One day in 1898, Brisbane brought to the "Hen Coop" three letters from readers seeking advice about personal problems, because he believed the women were most qualified to reply. In response, Manning suggested a new column, to be devoted exclusively to dispensing personal advice. Manning and Brisbane agreed that a pen name was in order, whereupon Manning suggested Beatrice Fairfax, after Dante's Beatrice and the Manning family's country place in Fairfax County, Virginia. "Dear Beatrice Fairfax" premiered on 20 July 1898 as the nation's first "advice to the lovelorn" column. It was an immediate success, and the Journal's offices were so inundated with letters that the Post Office soon refused to deliver them and the Journal had to retrieve them by its own means. The column was distinguished by frank, commonsense advice and came to be widely imitated nationwide. Despite the "Dear Beatrice Fairfax" column's enormous popularity, not to mention the considerable time, effort and intellectual discipline it took to write it, Manning's job remained low in pay and in status, and she eventually resigned.

In 1905, Manning married Herman Edward Gasch and returned to Washington where she lived for the rest of her life. While devoting most of her time to raising their two sons, Manning and Oliver, she continued to write in her own name, submitting short stories for publication in Harper's Monthly, Collins, Ladies' Home Journal, and Woman's Home Companion. Due to losses suffered in the stock market crash in 1929, Manning asked Arthur Brisbane for a job; he obliged and she again took up writing the "Dear Beatrice Fairfax" column, which by then had been syndicated. She wrote the column until she died on 28 November 1945.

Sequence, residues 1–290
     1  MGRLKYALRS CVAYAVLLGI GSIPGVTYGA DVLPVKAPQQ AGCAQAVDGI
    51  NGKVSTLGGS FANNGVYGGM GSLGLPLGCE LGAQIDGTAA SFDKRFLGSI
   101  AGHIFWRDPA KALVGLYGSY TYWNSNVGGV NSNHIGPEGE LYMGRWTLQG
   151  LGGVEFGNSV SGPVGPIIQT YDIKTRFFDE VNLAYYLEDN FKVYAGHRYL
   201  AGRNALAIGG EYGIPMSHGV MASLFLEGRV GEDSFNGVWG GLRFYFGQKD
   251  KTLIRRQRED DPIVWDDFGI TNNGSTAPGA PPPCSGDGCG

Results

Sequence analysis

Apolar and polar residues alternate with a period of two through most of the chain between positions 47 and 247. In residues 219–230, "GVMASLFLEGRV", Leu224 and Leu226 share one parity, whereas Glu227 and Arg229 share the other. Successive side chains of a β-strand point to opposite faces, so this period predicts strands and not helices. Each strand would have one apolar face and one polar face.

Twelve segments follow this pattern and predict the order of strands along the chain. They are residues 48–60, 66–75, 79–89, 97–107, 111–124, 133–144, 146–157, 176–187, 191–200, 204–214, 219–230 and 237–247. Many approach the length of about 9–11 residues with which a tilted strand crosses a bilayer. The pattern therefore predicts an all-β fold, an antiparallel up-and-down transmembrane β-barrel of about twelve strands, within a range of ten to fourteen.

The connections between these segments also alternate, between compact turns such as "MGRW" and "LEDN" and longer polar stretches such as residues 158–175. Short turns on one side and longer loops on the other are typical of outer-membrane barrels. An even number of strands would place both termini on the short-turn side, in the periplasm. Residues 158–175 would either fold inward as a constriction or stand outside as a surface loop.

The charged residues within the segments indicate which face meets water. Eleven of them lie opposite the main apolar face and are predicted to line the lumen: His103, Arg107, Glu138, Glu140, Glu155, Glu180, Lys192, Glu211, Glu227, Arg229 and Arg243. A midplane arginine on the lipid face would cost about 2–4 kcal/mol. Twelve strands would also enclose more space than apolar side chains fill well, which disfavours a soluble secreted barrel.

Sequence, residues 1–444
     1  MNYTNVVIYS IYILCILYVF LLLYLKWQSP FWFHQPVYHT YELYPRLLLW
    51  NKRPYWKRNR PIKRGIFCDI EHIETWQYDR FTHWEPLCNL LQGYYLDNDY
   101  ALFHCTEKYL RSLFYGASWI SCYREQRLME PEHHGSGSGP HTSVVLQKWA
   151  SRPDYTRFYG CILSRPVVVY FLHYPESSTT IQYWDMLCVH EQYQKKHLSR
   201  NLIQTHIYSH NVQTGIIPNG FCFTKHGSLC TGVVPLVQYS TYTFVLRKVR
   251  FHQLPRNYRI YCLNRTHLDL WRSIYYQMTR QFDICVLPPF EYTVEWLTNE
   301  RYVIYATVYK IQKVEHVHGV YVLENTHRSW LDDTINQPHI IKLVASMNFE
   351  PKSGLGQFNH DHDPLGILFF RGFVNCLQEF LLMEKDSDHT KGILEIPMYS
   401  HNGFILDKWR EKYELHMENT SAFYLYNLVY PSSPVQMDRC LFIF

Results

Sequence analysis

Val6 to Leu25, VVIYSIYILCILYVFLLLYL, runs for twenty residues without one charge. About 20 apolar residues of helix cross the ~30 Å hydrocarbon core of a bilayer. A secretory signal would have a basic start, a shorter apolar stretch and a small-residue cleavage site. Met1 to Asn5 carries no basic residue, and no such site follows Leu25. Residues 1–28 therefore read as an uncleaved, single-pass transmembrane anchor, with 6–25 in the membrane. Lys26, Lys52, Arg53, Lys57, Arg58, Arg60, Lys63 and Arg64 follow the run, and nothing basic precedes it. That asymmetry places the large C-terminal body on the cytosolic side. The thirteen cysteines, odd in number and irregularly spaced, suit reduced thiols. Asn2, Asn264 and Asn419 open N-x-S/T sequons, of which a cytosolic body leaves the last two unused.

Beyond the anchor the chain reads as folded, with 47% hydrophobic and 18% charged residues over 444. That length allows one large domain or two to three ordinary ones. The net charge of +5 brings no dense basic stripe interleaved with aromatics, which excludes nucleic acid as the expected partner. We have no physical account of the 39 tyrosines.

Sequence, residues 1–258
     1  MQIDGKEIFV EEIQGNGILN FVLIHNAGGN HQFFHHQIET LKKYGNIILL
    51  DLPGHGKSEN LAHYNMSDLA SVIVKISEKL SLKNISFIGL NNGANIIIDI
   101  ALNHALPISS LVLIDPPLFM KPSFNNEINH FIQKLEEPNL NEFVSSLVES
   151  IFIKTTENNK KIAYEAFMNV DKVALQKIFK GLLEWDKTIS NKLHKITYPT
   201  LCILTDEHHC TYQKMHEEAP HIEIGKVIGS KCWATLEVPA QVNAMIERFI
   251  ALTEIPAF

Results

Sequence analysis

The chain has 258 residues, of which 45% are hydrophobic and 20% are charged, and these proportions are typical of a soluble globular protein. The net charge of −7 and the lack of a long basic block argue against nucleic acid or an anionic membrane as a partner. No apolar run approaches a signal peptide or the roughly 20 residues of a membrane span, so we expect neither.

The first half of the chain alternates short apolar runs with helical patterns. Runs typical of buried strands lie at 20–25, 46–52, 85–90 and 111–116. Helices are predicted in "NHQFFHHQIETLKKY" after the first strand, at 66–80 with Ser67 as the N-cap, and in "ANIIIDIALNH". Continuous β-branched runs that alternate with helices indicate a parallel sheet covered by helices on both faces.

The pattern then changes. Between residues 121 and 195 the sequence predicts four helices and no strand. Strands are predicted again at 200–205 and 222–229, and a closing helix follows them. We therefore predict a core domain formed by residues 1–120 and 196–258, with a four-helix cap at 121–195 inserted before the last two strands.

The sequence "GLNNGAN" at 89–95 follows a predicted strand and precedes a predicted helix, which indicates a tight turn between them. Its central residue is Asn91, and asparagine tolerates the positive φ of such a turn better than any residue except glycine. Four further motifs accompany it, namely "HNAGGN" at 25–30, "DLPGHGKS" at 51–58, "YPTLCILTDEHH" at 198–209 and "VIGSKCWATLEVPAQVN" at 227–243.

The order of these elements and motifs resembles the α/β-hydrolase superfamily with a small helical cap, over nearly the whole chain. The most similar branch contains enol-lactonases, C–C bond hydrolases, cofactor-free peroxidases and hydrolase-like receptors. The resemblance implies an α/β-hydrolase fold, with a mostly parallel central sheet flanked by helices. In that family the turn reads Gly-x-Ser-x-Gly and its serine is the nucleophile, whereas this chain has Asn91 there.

In addition to the novel Lord Alingham, Bankrupt (1902) and short stories for the various magazines, Manning also published three other books: Judith of the Plains (1903), Personal Reply (1943), and Ladies Now and Then (1945).


7.647 linear feet (18 containers)


Columnist and novelist. The Manning Papers consist primarily of correspondence and writings. The writings contained in this collection, especially those relating to the Dear Beatrice Fairfax advice column, offer insight into the domestic and marital issues encountered by women. Correspondence includes letters from her friend Olivia Torrence which span a lifetime; letters between Manning and her son during World War II; as well as letters from Eleanor Roosevelt, Earl of Halifax, Harold Ickes, and author Margaret Chase Smith.


This collection is organized into four series:

  1. I. Biographical Material
  2. II. Correspondence
  3. III. Writings
  4. IV. Subject Files
  5. Oversize Materials

Immediate Source of Acquisition

The Marie Manning Papers were donated to the Sophia Smith Collection in 1998 by her son, Oliver Gasch, a United States District Judge. Oliver Gasch's son, Michael Gasch, added to the collection in 2000. The unpublished manuscript, "The Town of Glass Houses" was donated by Scott Williamson in 2011.

Processing Information

Processed by Burd Schlessinger, 2001.

Marie Manning papers
Finding Aid
Burd Schlessinger
Description rules
Describing Archives: A Content Standard
Language of description
Script of description
Encoding funded by the Andrew W. Mellon Foundation.

Revision Statements

  • 07/26/2017: This resource was modified by the ArchivesSpace Preprocessor developed by the Harvard Library (
  • 2005-09-23: mnsss42 converted from EAD 1.0 to 2002 by v1to02-5c.xsl (sy2003-10-15).
  • 2017-07-26T17:48:18-04:00: This record was migrated from InMagic DB Textworks to ArchivesSpace.

Repository Details

Part of the Sophia Smith Collection of Women's History Repository

Neilson Library
7 Neilson Drive
Northampton MA 01063